In order to file a quiet title suit to determine the interests attached to a given piece of real estate, one first must have standing to do so. The pertinent statute states in relevant part that Any person claiming any title, estate or interest in real property, whether the same be legal or equitable, certain or contingent, present or in reversion, or remainder, whether in possession or not, may institute an action against any person or persons having or claiming to have any title, estate or interest in such property, whether in possession or not. RSMo 527.150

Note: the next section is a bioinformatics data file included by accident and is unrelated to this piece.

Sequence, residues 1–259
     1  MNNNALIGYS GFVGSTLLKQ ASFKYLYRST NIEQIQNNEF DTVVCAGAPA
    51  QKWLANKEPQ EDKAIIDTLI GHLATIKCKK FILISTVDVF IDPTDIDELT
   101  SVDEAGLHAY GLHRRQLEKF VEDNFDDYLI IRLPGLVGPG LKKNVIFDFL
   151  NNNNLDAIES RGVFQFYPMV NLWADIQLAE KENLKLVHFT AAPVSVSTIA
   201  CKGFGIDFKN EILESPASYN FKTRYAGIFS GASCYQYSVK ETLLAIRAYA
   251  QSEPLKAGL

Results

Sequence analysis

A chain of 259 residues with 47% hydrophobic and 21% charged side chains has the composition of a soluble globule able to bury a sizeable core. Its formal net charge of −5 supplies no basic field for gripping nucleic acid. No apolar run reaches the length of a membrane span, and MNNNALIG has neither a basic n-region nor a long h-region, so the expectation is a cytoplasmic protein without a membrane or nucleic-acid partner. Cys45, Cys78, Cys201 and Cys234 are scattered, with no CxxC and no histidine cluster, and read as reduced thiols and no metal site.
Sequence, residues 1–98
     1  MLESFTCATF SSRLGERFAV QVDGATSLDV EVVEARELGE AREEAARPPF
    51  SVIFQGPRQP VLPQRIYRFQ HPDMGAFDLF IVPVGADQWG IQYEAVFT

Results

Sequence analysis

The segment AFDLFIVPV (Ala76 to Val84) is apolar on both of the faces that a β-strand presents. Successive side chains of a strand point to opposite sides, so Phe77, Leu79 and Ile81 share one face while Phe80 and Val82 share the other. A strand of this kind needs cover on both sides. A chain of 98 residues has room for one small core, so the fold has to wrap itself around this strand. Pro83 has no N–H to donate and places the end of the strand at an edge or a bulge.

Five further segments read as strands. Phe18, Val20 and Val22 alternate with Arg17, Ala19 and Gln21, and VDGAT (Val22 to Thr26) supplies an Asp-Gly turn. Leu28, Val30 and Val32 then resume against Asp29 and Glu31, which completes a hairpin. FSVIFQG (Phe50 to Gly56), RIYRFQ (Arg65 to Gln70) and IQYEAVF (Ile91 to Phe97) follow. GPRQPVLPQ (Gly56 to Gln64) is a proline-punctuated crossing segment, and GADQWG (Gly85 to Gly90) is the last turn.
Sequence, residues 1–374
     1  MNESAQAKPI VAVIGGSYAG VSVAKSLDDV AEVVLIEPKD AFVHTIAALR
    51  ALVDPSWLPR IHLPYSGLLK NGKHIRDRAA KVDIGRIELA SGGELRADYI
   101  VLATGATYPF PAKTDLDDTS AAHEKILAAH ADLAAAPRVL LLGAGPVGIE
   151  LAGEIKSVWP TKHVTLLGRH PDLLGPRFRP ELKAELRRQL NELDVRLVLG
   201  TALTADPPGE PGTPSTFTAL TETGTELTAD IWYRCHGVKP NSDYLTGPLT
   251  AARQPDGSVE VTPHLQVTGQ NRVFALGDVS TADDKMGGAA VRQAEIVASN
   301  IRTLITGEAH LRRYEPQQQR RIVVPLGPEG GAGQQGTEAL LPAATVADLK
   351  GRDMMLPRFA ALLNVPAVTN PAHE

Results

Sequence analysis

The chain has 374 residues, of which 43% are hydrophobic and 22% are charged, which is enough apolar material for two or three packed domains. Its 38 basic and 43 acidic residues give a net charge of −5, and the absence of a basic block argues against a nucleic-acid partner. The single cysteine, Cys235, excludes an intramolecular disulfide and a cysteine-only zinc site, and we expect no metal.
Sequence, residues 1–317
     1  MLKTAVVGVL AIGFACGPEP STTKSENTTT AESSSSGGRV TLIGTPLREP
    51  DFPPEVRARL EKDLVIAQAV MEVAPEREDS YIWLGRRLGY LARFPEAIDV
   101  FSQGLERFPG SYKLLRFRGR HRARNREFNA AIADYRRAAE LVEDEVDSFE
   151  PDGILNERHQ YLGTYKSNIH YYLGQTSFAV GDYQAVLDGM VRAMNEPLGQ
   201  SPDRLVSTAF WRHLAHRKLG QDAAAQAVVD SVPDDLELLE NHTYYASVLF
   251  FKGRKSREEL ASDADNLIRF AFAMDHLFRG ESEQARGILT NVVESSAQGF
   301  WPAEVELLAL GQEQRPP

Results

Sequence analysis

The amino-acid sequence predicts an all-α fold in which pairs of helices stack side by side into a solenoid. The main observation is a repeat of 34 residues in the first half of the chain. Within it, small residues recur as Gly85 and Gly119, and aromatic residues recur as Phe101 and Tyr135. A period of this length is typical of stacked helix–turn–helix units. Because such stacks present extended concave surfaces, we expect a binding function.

In short, then, you must have legal or equitable title to the real property in order to institute a quiet title action. Thurman v. Ludy, 914 S.W.2d 32, 34 (Mo. Ct. App. 1995) Legal title is straightforward: clear and enforceable title evidencing ownership of the property, which is most often a deed in this circumstance. Equitable title can be more problematic, particularly because it can be certain, contingent, present, in reversion, or in remainder. For instance, to make a claim to title via equitable conversion, the plaintiff/petitioner needs an enforceable contract with the property owner to claim equitable title. Bath v. Bath, 233 S.W.3d 742 (Mo. Ct. App. 2007).
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